> rather extreme ones. It'll be interesting to see if any of my measures were
> effective in this scenario.

Yeah, I've got a Win2K box here I can use, too.  Thing is, this is
*entirely* about getting The Goofy Riddler to put up or shut up.

Once he figures out in what specific manner he feels like dodging, we'll
see about chucking the exploit around amongst ourselves. :)

--
http://rkc.silversapphire.com
Managed Migration from Windows to Linux

 
 
 

1. James Zepeda... I challenge you! (was Re: The OS flavor challenge!)

: Oh how I love your unbiased opinion.  Just because Microsoft has some
: incredible marketing skills, and a nice face to a really horrid operating
: system, which in many ways is more than MacOS will ever be, doesn't mean
: it "tastes like warm cow piss..".  I just love how you glorify your Linux,
: and make everything else look pale or inedible in comparison.  You realize
: that just about anybody could pick apart any argument you have for Linux,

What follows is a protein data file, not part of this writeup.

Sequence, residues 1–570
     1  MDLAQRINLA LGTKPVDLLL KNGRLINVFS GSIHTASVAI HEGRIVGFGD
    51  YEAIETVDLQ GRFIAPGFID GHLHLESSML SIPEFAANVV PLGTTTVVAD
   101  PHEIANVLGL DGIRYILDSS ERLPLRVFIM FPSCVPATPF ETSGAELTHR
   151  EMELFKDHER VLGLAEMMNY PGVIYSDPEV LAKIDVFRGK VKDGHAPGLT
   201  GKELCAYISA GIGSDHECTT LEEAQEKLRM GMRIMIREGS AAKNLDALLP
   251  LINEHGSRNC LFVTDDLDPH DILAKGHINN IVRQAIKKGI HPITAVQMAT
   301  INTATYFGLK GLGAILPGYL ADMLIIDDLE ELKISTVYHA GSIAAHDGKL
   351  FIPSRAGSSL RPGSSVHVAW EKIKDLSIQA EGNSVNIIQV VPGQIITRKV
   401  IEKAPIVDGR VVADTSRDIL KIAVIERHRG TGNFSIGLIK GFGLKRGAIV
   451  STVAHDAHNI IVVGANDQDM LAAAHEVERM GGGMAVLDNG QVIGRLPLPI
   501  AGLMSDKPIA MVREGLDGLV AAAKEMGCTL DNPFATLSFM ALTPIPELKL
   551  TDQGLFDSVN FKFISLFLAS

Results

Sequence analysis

: and your blind faith in Linux & Linus is nothing more than childliek
: stupidity don't you?

Oh, you stepped into it now, boy-oh!!!

Questions:

1.)  This was posted to c.o.l.a... my negative views on Windows was
     seen by Linux users, and trollers.  Who the fsck cares what you
     think?

2.)  If you think you can out-argue me, then why don't you?  Probably
     because you have seen how stupid I have made so many other NT
     ranters look.

Tell you what, James.  You pick a topic to argue about, and I will
argue.  Your choice... I don't care.  In other words...

I ACCEPT YOUR CHALLENGE!  Now, you have to put up or shut up,
because I am crossposting this, so that I can show the others
what a fool you are acting like.
--
QUOTE:  Some people steppeth, where they should not.

------------------------------------------------------------------
[JA207030-TRON-RAM-FLYNN] <- leave this line in your e-mail reply